A study released today shows that students in grades 3 through 8 are falling behind in math during the pandemic. The study comes from the Northwest Evaluation Association (NWEA), which administers the MAP test used by many schools in the US.
Researchers compared scores of students who took the MAP test in fall 2020, many of whom are using remote or hybrid learning models during the pandemic, with the scores of students last fall. It’s not pretty.
“Compared to fall 2019, student achievement this fall was similar in reading, on average, but 5 to 10 percentile points lower in math,” they wrote.
Nearly 4.4 million students took the test, making this the largest study to date that purports to assess the effect—or rather, the ineffectiveness—of remote learning.
Furthermore, because many students who are using an all-virtual learning model live in underserved communities, the study reported a significant amount of “missing” data. In other words, some of our most at-risk students, whose scores may in fact be lower than this year’s average, didn’t contribute to the data set.
As a result, the math scores this year look bad, but the reality is likely to be even worse, because low-scoring students were probably excluded from the dataset at higher rates than their high-scoring peers.
As part of President-elect Joe Biden’s education plan, he hopes to foster effective remediation strategies to catch these students who have fallen behind up to their peers. It is not known how those plans will be implemented, as Mr Biden has not yet named a proposed education secretary; nor is it known how many years it will take until students are actually achieving in math at the levels seen before the pandemic.
Learning loss isn’t the only effect remote learning has on kids and their families, several Maryland students report in their school newspapers:
Mental health problems in students are being reported at a much lower rate this fall in Montgomery County, Maryland, reports Charlotte Vogel at Poolesville High School.
“We’ve dropped significantly,” she quoted Gregory Edmundson, director of the Student Welfare and Compliance Unit for the Montgomery County Public Schools, as saying, referring to the number of reports of abuse or mental health issues in students the school system has received this fall. “It’s a very great concern, now that teachers aren’t able to notice the signs.”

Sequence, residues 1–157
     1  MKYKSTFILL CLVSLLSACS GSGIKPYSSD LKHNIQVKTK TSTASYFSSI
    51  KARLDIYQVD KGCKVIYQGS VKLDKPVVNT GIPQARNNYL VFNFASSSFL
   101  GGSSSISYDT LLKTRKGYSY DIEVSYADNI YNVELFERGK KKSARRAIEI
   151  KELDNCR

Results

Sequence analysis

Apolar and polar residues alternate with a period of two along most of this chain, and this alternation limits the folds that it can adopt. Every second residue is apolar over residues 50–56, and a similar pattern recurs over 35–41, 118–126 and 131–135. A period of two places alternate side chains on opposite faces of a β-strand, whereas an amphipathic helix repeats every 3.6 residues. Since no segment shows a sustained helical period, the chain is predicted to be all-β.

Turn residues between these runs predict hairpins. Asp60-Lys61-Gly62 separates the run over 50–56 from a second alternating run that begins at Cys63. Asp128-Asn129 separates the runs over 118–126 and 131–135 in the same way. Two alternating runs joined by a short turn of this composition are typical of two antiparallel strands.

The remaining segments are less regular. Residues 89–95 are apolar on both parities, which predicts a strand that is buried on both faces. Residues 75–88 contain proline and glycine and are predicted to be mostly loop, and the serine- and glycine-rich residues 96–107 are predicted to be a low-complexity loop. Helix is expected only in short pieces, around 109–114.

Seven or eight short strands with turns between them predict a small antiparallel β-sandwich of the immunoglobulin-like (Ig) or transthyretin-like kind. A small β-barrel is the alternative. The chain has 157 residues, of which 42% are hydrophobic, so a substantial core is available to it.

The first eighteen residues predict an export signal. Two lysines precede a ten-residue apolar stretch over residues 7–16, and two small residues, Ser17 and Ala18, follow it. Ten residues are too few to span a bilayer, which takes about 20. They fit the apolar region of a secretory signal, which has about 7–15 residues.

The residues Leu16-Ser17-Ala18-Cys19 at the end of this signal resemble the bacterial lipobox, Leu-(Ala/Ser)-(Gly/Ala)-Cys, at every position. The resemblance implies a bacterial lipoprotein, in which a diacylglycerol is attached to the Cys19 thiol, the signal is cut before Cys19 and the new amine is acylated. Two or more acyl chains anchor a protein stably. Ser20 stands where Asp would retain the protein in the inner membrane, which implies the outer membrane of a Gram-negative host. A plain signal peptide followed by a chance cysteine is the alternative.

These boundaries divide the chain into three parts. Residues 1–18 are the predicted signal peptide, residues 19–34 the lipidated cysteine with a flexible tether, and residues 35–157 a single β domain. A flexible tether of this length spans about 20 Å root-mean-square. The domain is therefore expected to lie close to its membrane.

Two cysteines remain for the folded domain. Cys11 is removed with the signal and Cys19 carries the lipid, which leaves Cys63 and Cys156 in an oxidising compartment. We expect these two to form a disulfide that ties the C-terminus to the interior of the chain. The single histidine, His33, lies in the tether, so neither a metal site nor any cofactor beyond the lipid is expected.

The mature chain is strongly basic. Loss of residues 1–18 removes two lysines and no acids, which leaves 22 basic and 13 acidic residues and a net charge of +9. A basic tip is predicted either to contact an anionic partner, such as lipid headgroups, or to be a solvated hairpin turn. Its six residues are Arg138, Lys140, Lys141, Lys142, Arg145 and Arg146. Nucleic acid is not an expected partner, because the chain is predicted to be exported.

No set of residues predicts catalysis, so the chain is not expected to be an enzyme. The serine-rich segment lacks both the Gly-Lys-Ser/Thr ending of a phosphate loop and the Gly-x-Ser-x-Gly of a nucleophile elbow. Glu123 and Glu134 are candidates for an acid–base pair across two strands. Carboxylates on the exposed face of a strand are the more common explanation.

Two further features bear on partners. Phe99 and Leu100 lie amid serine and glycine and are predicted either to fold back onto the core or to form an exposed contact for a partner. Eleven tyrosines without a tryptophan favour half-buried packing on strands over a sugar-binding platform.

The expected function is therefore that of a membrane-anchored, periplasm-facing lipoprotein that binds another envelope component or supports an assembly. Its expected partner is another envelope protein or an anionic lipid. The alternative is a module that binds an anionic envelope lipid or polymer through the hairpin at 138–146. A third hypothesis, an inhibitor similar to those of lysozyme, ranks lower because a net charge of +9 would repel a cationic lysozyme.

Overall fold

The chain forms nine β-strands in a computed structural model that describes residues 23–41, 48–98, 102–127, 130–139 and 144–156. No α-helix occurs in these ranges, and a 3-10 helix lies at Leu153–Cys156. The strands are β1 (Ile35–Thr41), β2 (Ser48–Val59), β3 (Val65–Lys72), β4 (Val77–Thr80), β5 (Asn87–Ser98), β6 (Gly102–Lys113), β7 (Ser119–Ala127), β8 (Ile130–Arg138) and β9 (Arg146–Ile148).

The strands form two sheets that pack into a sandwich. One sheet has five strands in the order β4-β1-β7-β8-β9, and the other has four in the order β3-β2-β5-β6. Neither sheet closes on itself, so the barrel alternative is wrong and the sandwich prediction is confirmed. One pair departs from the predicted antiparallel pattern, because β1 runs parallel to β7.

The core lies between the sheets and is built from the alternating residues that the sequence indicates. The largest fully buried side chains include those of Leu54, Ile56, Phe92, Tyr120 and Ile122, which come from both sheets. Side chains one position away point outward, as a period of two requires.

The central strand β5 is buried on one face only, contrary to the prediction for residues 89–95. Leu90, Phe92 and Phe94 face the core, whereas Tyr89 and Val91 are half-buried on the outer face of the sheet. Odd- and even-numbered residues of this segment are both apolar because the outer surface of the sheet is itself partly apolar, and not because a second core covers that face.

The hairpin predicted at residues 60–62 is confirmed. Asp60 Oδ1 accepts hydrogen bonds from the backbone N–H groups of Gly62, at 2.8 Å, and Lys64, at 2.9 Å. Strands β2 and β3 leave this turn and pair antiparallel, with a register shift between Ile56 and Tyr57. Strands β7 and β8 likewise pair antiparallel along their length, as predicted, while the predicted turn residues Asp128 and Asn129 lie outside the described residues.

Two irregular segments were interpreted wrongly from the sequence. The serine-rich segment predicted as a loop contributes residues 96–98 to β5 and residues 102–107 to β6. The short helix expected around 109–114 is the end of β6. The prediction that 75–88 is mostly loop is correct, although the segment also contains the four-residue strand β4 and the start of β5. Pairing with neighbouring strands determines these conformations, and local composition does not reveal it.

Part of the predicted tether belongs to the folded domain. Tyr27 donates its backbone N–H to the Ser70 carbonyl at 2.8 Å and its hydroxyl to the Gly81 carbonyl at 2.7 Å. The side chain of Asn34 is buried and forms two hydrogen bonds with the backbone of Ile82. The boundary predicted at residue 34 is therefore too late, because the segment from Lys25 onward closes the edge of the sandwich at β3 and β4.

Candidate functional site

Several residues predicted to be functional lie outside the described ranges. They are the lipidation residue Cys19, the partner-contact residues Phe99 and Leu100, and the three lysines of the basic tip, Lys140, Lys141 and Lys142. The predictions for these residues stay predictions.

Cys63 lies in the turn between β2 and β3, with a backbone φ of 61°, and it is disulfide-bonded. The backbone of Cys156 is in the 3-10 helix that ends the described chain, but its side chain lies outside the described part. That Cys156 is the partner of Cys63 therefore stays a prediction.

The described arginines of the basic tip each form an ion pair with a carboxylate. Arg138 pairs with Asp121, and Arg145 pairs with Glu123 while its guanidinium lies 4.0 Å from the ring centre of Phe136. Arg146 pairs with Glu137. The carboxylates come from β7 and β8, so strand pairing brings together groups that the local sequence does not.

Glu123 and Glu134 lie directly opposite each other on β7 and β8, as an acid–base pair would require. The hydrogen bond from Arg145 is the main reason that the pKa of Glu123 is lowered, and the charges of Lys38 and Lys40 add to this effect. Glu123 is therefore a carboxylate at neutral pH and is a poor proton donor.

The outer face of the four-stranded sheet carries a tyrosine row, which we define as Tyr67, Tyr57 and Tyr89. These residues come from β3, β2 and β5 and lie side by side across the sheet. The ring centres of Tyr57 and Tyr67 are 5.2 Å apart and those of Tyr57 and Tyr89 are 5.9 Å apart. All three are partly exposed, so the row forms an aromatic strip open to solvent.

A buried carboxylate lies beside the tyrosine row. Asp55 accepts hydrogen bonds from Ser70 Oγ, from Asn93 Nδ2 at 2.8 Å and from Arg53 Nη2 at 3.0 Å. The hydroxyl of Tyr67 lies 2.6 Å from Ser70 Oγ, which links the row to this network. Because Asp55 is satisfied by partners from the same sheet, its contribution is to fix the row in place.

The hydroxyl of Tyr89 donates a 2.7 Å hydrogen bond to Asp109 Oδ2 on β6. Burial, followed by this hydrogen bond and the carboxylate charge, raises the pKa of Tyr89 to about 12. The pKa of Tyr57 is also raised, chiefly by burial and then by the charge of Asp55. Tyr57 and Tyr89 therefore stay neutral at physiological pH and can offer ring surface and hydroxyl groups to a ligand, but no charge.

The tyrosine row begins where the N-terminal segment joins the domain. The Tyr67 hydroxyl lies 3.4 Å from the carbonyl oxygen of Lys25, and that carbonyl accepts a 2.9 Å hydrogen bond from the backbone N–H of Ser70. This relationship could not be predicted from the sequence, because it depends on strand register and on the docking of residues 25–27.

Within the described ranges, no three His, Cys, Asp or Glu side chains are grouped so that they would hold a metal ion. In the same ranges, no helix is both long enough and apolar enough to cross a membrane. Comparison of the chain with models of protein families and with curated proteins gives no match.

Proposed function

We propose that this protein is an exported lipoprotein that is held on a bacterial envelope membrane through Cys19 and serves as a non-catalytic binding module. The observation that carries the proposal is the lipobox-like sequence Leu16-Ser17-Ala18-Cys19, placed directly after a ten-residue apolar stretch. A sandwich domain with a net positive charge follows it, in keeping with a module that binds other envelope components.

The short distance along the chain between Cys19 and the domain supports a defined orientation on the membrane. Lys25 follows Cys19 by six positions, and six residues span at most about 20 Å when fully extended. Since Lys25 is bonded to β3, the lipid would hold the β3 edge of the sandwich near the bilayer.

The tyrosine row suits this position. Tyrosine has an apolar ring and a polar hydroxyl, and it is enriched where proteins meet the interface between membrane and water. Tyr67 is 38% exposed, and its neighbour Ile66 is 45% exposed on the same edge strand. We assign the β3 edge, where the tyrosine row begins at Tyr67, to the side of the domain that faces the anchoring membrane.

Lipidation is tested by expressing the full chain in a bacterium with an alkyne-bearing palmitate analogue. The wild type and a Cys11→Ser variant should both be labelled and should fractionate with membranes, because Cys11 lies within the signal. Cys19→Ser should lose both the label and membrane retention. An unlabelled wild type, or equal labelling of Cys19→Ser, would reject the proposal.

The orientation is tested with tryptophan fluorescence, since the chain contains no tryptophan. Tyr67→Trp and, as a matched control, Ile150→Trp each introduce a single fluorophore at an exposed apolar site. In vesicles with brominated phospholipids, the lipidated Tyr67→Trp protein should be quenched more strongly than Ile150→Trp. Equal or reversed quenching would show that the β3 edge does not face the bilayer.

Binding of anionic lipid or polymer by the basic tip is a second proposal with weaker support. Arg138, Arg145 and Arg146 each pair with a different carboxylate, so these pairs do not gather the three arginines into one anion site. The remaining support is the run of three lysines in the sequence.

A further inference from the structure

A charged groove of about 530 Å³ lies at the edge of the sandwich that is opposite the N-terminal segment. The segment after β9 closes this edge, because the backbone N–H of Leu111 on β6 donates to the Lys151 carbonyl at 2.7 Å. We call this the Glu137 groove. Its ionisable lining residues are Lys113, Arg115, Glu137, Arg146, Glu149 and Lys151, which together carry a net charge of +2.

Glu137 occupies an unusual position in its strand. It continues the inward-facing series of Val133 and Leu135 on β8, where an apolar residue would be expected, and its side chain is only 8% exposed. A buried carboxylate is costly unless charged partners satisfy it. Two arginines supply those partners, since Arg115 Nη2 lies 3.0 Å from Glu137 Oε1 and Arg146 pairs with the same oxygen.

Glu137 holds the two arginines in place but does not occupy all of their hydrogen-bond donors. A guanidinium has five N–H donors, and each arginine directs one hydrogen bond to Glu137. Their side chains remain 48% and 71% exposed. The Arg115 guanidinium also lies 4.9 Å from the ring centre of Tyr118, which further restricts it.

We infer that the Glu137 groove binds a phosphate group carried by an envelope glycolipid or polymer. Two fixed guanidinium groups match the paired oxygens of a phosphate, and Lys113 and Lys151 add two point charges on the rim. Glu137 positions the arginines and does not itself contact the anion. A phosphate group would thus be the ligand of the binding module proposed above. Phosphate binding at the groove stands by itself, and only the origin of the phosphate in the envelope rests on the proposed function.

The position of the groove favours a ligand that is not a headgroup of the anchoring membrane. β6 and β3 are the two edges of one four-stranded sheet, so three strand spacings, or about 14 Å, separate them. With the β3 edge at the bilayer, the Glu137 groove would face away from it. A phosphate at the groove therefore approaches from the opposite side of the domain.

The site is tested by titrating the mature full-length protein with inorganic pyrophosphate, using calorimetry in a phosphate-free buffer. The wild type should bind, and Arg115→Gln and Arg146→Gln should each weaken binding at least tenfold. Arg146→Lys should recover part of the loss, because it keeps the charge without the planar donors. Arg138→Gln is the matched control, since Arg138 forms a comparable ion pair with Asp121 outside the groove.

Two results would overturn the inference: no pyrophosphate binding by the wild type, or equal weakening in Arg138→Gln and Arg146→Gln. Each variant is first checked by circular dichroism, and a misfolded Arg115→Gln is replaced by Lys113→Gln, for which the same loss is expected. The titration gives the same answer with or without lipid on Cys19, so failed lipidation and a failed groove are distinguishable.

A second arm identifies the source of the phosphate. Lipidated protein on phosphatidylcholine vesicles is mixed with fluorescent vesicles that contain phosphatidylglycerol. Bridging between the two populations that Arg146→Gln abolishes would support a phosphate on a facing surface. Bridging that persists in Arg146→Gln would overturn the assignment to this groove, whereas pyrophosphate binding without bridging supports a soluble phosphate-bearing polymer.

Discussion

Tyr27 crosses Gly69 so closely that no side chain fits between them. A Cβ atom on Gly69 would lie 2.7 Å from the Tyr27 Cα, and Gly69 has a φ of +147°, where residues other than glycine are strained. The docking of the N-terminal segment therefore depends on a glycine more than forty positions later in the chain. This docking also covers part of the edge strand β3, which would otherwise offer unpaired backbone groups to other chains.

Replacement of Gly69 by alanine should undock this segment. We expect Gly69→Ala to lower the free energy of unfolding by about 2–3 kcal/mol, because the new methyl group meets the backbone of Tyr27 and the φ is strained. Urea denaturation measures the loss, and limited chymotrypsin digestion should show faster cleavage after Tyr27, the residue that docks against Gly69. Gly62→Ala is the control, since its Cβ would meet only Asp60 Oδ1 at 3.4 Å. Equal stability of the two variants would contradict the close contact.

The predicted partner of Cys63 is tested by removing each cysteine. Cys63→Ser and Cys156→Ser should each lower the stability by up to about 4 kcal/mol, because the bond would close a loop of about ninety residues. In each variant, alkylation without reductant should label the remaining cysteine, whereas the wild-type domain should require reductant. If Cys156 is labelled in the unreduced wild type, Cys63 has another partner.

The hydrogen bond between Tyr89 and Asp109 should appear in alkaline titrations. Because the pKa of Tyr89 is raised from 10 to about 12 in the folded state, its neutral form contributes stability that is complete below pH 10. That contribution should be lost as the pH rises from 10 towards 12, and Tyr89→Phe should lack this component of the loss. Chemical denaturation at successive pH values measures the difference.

At Urbana High School in Ijamsville, Madison Moran expresses concern about students who wake up too late during remote learning and don’t eat a good breakfast.
“My favorite snack during this time has been the Fritos BBQ twists,” one senior is quoted as saying.
These are a good example of what you can eat during class or in between classes, she writes. Fritos don’t exactly contribute to students’ good health, however, as they sit in their bedrooms all day.
Healthy breakfast planning, from Mary L Gavin, MD, at TeensHealth from Nemours.
“Sitting in front of a screen all day in bed while listening to teachers and doing school work can be mentally draining for most kids,” writes Jack Gans at Winston Churchill High School in Potomac.
He’s finding that “mental health of many were affected negatively due to a lack of socialization and staying home all day in front of a computer screen.” But other students are finding advantages to remote learning.
“Online school has helped me mentally in some ways by there being more freedom on when I do my work,” a sophomore is quoted as saying.
Still, the lack of socialization can be harmful to students’ emotional and mental health. “Socialization is essential to everyone’s health and well-being, but it is especially important for children to learn the unwritten norms of social interaction,” write the mental health professionals at Wisconsin-based Rogers Behavioral Health.